Review: Hitler and the Power of Aesthetics
- Published: 25 August 2013 25 August 2013
- Last Updated: 25 August 2013 25 August 2013
“Who was he, then? A homicidal maniac, a gentle artist, a brutal artist, a tyrant, a weak dictator, a would-be Roman emperor, an artist-politician, a supreme actor, a revolutionary, a reactionary? He was each of them. Above all, he was a catastrophe. But that, as Thomas Mann said, is no reason not to find him interesting, as a character and as an event.”
There are people who are distressed by the continued fascination that Adolf Hitler and his Third Reich hold for countless people throughout the world. Indeed, in an interesting twist of the collective guilt mania that grips many in academe, to have an abiding interest in these subjects is tantamount to an admission that one is a neo-Nazi, and that but for societal and cultural restraints, one would be giving expression wantonly to one’s anti-Semitic and sociopathic impulses.
The fact is that Hitler and the Third Reich compel interest for a myriad reasons having nothing to do with a desire to wear jackboots and a black uniform, and thus attired to give vent to a general desire to commit mayhem upon the persons of Jews, Gypsies, homosexuals and other “undesirables”.
In the case of Adolf Hitler, Frederic Spots’ Hitler and the Power of Aesthetics provides us with a provocative study of the Fuehrer as artist, thereby giving us a compelling perspective on why the Austrian dictator remains a captivating subject. Spotts grips the reader’s attention from the very start, introducing his topic with a photograph (one that I had never seen before) of Hitler literally on the edge of his seat, staring intently from near ground level at a very large architect’s model of Linz, the Fuehrer’s adopted home town, “as it will look after being transformed into the culture centre of Europe.”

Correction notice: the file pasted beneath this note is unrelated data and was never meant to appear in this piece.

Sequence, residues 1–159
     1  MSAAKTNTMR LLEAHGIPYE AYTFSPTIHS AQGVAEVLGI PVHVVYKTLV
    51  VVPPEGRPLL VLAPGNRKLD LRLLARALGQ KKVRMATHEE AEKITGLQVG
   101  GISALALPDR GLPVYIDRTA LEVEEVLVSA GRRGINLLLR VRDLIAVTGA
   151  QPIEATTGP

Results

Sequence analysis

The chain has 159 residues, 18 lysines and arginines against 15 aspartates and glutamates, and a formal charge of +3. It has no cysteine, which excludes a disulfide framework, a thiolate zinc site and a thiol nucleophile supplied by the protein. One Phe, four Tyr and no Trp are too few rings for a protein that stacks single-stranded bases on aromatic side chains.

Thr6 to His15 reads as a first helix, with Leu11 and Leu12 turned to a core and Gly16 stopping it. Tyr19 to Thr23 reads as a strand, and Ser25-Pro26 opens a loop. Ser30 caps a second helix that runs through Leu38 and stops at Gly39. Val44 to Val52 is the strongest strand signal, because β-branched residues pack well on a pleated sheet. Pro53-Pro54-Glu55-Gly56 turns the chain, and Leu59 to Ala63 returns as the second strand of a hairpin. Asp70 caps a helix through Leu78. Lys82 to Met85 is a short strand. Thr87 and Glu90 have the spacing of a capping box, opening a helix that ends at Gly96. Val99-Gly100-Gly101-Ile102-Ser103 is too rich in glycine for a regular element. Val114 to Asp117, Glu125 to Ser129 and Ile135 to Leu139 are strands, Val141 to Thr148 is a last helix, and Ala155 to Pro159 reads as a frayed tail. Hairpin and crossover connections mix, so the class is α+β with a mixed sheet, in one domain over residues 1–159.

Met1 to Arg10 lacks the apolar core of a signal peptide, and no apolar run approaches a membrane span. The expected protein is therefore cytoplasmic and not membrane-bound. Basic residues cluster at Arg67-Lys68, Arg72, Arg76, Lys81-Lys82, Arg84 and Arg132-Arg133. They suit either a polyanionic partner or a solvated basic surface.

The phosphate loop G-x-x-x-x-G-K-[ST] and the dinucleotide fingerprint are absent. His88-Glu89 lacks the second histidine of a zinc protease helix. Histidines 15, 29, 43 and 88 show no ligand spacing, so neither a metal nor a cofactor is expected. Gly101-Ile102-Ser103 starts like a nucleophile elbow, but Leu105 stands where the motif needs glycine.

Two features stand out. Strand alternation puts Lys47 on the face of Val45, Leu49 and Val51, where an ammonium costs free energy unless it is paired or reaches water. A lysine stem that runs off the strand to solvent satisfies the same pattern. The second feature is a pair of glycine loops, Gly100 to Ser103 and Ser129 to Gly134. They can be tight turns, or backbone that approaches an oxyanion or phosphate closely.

The photograph, Spotts tells us, was taken on February 13, 1945, in the bowels of the Fuehrerbunker, beneath the Reich chancellery in Berlin. Even in extremis, Hitler fretted over the details of the city plans, apparently oblivious to the fact that they would never be brought to reality.
Hitler and the Power of Aesthetics is a study of Adolf Hitler that focuses upon “his aesthetic nature”. Spotts recounts the story of Albert Speer’s secretary, who testified later that shortly after the beginning of the Second World War, she had overheard Hitler state that “We must end this war quickly. We don’t want war; we want to build.”
It is Spott’s thesis that this statement of Hitler’s was not a falsehood, but a half-truth. “He [Hitler] wanted both war and art. Once he had won his war and established an Aryan state that was a dominant world power, he intended to devote himself to the creation of cultural monuments that would change the face of Germany and immortalize him. Destruction was to be the way to construction.”